The ‘Scary’ Smart

Talent hits a target no one else can hit; genius hits a target no one else can see. — Arthur Schopenhour

Earlier yesterday, I was speaking with a friend who told me about his friend who was so smart that he went to high school for two weeks, then dropped out because he got bored, and was then accepted at the University of Chicago.

Naturally, I had to later Google someone even smarter than this kid to make me feel better about my own intelligence (we academics have fragile egos), and that’s when I found…

Tanishq Abraham joined Mensa (a society only open to the top 2% of the most intelligent adults) at the age of four. At the age of five, he graduated from Stanford’s Education Program for Gifted Youth (meant to be completed in 5 years) in 6 months. At age seven, he enrolled in college, maintaining a 4.0 GPA, and by age nine, he became the youngest person ever to speak at one of NASA’s conferences.

At similar ages, I was trying to collect all the Jurassic Park III toys in my McDonald’s Happy Meals.

But do these child prodigies fulfill their projected greatness? Or is all that brain too much to bear?

Today’s post isn’t about the kids who are ‘super smart.’ We’re talking about the ‘scary smart.’


Extensive research has demonstrated that “extraordinary economies are created by extraordinary minds.” That is, the success of nations depends largely on the human capital that resides within it.

Traditionally, a nation’s wealth or affluence has been attributed to more structural accounts, such as the geographic or historical-political factors that make up the country. However, a large-scale study of around 90 countries revealed another very important component: the country’s “intellectual class.”

To quote the researchers: “This group’s cognitive ability predicts the quality of economic and political institutions, which further determines the economic affluence of the nation.”

Indeed, you can imagine how the discovery of new science and technologies can create new consumer goods, government products, or solutions to existing problems, producing more jobs and societal stability, which would greatly influence the wealth and prosperity of a nation.

So as such, you can imagine that governments would be interested in discovering who these future cognitive leaders will be–and identifying them while they’re young.


In finding the truly gifted, the smartest of the smart isn’t good enough; you need the smartest of the smartest.

The participants in this study I’ll be talking about included kids (under the age of 13) who scored in the top .0001% on either the SAT-Math or the SAT-Verbal (the college entrance exams for graduating high school students). With these criteria, the researchers found 320 US children, and then followed them over the next 30 years.

Although many people often associate madness with such intelligence, this group ended up being impressively successful. For example, in the US, approximately 2% of the population has a doctoral degree, while in this group specifically, about 44% of them would go on to earn a PhD. But more than just academic pursuits, these individuals had success in various domains of life.

For example, close to 25% of the sample published and produced creative works (e.g., poetry, novels, music, sculpture, etc.). About 15% submitted patents, whereas the national average is less than 1%. And of those patents, nearly 40% were filed for Fortune 500 companies. To sum up their achievements overall, these kids, on average, would later win 9 significant awards a piece for their contributions to their specific field.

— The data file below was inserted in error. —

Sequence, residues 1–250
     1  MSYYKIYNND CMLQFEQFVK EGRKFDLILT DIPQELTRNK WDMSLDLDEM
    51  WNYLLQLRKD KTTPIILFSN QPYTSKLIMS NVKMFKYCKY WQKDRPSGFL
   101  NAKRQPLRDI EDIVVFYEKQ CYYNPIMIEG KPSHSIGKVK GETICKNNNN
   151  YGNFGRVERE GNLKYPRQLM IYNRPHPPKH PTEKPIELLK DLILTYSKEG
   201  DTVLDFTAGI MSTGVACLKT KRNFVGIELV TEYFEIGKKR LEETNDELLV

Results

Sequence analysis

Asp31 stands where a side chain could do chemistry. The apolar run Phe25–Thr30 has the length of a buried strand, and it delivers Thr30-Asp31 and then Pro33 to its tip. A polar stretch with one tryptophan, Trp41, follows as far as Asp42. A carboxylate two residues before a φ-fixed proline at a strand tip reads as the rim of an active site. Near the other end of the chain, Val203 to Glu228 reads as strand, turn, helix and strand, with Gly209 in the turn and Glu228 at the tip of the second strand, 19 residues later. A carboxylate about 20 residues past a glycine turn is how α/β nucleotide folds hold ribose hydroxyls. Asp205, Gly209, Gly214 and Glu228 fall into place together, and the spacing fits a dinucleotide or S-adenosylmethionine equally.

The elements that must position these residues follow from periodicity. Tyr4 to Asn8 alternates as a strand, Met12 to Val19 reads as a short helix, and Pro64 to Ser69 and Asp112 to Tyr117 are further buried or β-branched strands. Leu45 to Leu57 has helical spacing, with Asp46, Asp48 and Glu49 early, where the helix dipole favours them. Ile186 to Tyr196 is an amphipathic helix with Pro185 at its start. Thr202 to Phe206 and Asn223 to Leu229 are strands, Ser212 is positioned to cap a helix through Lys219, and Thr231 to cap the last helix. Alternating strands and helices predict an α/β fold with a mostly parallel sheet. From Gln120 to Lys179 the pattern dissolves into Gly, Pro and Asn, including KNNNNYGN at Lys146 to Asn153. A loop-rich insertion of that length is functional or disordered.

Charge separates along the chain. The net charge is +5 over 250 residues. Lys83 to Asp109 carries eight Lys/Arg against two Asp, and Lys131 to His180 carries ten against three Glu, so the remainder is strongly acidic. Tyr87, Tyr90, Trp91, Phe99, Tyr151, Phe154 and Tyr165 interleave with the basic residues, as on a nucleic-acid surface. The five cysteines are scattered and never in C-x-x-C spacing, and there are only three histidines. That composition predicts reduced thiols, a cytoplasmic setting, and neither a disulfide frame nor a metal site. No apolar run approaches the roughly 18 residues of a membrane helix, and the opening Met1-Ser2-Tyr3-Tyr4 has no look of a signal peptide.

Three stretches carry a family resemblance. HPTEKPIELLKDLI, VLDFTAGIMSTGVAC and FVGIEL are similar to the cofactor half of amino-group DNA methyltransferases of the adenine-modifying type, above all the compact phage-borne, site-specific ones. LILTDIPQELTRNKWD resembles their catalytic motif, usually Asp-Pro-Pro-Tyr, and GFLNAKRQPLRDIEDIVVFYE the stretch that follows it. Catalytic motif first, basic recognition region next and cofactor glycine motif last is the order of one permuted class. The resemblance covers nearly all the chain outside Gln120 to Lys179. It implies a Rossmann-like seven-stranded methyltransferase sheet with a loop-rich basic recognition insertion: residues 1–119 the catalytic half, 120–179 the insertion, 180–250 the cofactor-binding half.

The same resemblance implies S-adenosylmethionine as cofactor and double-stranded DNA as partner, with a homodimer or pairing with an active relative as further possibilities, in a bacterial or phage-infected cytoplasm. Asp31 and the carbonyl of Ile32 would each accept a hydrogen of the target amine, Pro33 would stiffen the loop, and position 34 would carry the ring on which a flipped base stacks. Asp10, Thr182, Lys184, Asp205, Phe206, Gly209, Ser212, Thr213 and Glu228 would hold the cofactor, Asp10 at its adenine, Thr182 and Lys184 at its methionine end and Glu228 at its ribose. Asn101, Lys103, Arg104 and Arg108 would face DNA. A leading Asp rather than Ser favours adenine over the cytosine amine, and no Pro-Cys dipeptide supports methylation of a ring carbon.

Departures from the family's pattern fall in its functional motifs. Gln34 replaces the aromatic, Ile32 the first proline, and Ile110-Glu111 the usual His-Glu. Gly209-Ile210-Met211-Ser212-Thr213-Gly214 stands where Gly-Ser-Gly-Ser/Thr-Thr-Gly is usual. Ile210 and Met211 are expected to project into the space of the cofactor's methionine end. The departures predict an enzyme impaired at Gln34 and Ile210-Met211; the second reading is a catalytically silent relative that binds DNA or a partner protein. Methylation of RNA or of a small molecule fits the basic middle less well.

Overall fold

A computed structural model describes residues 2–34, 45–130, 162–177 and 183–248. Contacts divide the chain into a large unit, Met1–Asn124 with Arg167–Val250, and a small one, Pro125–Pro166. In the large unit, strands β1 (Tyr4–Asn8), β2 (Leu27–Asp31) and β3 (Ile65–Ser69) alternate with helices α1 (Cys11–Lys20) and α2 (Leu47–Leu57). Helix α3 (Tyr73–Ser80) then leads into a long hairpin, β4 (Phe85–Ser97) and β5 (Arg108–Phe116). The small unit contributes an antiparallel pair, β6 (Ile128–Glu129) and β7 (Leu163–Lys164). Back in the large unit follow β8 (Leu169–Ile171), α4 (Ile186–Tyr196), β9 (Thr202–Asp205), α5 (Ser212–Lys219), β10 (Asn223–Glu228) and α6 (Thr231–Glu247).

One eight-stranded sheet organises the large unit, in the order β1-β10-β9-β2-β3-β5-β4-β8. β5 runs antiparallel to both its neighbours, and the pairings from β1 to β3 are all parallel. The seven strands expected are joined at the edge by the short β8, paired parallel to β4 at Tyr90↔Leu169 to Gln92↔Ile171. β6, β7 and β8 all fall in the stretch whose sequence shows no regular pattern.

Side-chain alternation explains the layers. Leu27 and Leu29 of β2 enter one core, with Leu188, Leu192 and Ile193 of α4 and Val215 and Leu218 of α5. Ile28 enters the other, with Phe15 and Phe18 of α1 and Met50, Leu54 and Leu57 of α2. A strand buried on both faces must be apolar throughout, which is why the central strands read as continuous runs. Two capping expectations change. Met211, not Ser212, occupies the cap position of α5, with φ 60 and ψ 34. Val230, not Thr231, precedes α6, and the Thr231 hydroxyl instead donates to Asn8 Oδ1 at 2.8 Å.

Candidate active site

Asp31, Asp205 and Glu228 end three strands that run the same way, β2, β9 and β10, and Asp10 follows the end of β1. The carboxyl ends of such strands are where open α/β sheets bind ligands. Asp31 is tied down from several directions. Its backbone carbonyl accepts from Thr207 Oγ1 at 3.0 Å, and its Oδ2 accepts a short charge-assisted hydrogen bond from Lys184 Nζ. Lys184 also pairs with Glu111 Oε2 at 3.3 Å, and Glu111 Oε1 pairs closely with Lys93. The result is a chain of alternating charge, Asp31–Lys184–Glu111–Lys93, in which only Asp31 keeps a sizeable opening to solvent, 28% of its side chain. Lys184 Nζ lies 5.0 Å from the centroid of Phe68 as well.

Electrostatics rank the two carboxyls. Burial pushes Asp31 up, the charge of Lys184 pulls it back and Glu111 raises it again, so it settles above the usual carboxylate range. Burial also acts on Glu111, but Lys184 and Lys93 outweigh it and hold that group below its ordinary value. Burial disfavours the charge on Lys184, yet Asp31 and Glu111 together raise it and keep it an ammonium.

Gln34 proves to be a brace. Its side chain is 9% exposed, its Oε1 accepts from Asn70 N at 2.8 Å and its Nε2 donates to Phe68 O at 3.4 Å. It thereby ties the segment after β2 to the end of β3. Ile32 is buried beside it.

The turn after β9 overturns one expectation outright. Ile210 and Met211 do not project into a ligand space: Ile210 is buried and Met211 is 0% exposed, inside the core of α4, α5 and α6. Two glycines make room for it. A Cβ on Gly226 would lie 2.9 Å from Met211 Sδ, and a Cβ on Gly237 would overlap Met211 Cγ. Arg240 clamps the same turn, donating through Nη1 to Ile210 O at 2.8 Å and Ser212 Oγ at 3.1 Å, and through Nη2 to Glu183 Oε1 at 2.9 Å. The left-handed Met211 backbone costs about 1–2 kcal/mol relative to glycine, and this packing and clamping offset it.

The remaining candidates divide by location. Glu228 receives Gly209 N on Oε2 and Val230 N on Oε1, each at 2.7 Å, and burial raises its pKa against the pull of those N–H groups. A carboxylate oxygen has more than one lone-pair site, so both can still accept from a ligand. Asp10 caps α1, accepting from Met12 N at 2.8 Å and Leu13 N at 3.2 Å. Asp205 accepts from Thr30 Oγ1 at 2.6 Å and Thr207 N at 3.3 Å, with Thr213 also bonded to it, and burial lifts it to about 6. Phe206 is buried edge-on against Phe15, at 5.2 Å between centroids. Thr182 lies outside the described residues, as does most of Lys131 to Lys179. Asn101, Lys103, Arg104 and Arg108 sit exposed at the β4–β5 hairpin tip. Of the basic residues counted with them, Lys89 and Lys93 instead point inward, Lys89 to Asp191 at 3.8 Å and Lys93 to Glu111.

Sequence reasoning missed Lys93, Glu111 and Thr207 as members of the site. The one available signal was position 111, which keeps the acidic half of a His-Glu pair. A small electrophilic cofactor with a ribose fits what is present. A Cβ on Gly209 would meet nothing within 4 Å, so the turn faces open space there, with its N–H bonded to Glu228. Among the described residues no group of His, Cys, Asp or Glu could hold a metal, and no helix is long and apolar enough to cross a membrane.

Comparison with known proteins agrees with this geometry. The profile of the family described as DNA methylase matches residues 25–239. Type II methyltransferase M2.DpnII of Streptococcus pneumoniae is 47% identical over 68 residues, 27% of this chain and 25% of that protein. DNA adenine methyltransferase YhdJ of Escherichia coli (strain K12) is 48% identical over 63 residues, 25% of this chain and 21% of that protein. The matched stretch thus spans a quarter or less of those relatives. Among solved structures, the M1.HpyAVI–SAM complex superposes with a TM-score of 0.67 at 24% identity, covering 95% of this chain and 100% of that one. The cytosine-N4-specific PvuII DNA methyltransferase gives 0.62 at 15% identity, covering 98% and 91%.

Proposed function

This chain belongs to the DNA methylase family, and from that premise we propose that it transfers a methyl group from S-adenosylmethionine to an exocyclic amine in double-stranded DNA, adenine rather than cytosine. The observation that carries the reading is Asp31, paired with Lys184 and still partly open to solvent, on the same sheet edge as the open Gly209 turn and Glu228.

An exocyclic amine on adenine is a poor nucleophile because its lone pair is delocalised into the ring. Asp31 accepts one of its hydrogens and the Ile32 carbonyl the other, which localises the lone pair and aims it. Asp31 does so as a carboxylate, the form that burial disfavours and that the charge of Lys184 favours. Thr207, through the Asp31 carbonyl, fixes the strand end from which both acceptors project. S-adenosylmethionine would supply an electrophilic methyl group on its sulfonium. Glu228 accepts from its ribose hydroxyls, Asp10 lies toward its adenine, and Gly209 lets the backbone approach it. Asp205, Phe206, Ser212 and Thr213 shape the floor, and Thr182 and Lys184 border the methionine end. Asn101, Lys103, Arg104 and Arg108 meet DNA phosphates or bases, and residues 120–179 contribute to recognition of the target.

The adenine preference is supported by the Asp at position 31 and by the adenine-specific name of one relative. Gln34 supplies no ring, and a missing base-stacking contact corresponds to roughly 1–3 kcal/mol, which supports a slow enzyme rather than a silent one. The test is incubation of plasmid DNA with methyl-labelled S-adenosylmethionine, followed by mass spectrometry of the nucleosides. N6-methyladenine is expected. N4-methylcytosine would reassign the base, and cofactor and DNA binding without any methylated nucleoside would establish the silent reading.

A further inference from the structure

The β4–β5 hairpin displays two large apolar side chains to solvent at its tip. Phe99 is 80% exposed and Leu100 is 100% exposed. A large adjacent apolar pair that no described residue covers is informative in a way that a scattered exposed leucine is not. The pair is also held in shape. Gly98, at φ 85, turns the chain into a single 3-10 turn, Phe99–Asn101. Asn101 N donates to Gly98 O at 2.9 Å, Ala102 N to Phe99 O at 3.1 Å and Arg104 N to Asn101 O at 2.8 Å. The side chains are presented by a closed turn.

But it wasn’t just this study that demonstrated it; another study back in the 1869 and again in 2016 revealed the same success for the super gifted. Be that in academic achievement, the business world, or the creative arts, the top of the top end up, well, on top.

And so, although most of us are not as smart as those people (yes, we’re back to talking about me and my fragile ego), there is still some hope for us: having babies with those people.


Psychophilosophy to Ponder: If you didn’t take my final line as humor and ended up becoming a parent to one of these ‘precocious youths,’ then here’s some advice from researchers on how to raise a child prodigy:

  • Expose the child to a diverse range of experiences
  • Provide opportunities to let a child develop his/her strong interests or talents
  • Support the child’s emotional needs (along with his/her intellectual ones)
  • Encourage children by praising their effort, not their ability
  • Let the children take intellectual risks; failure can be good
  • Don’t label them as ‘gifted’ (or things similar); this can provoke negative expectations, emotions, or self-perspectives


Clynes, T. (2016). How to raise a genius: Lessons from 45-year study of super-smart children. Nature.

Kell, H. J., Lubinski, D., & Benbow, C. P. (2013). Who rises to the top? Early indicators. Psychological Science24(5), 648-659.

Makel, M. C., Kell, H. J., Lubinski, D., Putallaz, M., & Benbow, C. P. (2016). When lightning strikes twice: Profoundly gifted, profoundly accomplished. Psychological Science27(7), 1004-1018.

Rindermann, H., & Thompson, J. (2011). Cognitive capitalism: The effect of cognitive ability on wealth, as mediated through scientific achievement and economic freedom. Psychological Science22(6), 754-763.

Author: jdt

Jake writes weekly posts every Wednesday on the intersection of psychology and philosophy. To learn more about him, or to propose a topic you'd like him to cover, go to

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